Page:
This quilt auction is to benefit the Food Pantry of the Isabel Community in the Cheyenne River Reservation in north central South Dakota. The Isabel community is a reservation town of about 250 people. The name of the project, Okiciyap, comes from the Lakota language meaning “We Help”.
The first European to describe the Plains Indians was the Spanish explorer Francisco Vasquez de Coronado in 1541 while he was searching for the Quivera, fabled city of gold. He described their semi-nomadic way of life, following the buffalo who provided the original inhabitants with most everything they needed.
The first Europeans to spend much time with the native inhabitants of the plains were the fur traders and trappers, whose lives where not that dissimilar from the original inhabitants. But that was just the beginning.
As the Europeans, of which I am one, came in greater and greater numbers, and there was more and more contact with the first inhabitants, diseases began to spread through the native populations. Diseases for which the native inhabitants had no resistance. Massive epidemics more than decimated many tribes.
The Declaration of Independence, and resulting war, made little difference to the native population. What caused more problems was the continuing arrival of more and more people, creating the need for more lands to be opened up for settlement by the Europeans.
In March (this very month), 1824, the Bureau of Indian Affairs was established as a division of the War Department, which had been handling Indian affairs since 1789. This alone gives a good idea of how the native population was viewed. When the Department of the Interior was established in 1849, the BIA became part of it.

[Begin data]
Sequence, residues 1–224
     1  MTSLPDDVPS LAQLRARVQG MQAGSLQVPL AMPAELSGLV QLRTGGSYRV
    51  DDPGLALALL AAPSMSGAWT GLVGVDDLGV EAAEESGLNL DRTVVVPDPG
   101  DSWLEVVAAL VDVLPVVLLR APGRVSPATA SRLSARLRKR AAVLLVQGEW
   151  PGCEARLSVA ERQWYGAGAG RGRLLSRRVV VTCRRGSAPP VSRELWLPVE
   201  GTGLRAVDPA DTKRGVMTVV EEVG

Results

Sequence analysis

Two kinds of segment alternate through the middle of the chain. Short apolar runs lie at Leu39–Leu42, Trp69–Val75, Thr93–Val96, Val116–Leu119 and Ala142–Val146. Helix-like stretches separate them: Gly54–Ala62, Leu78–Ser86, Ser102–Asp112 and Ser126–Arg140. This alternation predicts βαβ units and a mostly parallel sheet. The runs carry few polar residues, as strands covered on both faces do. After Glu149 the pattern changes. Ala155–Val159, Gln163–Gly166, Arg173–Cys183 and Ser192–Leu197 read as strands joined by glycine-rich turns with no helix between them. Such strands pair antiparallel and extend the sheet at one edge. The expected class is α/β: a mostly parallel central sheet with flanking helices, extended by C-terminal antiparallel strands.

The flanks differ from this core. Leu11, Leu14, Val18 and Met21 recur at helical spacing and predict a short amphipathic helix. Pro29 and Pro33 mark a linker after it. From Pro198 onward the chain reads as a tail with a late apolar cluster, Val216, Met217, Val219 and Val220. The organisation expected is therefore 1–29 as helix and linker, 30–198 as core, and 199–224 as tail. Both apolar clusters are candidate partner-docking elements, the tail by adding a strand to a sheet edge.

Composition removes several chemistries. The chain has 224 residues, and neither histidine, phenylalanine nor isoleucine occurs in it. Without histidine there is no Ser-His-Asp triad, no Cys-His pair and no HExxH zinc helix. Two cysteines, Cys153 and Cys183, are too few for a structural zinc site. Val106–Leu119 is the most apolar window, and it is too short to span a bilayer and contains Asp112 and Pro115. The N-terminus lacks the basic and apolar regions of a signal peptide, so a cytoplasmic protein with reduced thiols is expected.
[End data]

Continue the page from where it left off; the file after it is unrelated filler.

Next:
In 1830, the Indian Removal Act saw the beginning of the forced relocation of most Native Americans in the southeast to the new “Indian Territory” of Oklahoma. By 1837, 46,000 Native Americans had been removed from their homelands opening 25 million acres for settlement by the European majority. The Trail of Tears is the name given to this forced relocation because of the many Native Americans who died while being forced to march hundreds of miles to a land they knew nothing about, far from their ancestral homes.
The BIA is still part of the Bureau of the Interior and holds nearly 56 million acres of land in trust for 566 Indian tribes and Alaskan Natives. The BIA also runs Indian schools and Indian child welfare, provides funding for police forces, tribal courts, reservation road building and other operations in cooperation with tribal governments. Where once Indian employees were rare, they now make up the vast majority of the bureau's workforce, which is headed by Assistant Secretary for Indian Affairs Larry Echohawk, a Pawnee.
This is a small, very small, background history of the relations between two cultures. Far too much of it has been violent and troubled. The Okiciyap Quilt is part of another aspect of the relations between the two cultures, a symbol of what we have in common: the concept of helping. Both cultures, at their best, believe strongly in helping each other.
I did two of the quilt blocks. I am proud they are being used in the quilt. I did Water Bird (which I thought was Darting Bird, but much the same) using fabric I had designed myself.
We are, all of us, proud to help each other. That is what this quilt is about. Helping. That is the reason for the name Okiciyap: We Help. The Okiciyap Quilt Auction donation/proceeds will go to the Okiciyap Food Pantry
The auction begins Wednesday March 27th. I hope many of us will take part in the auction that will raise money for a very worthy cause.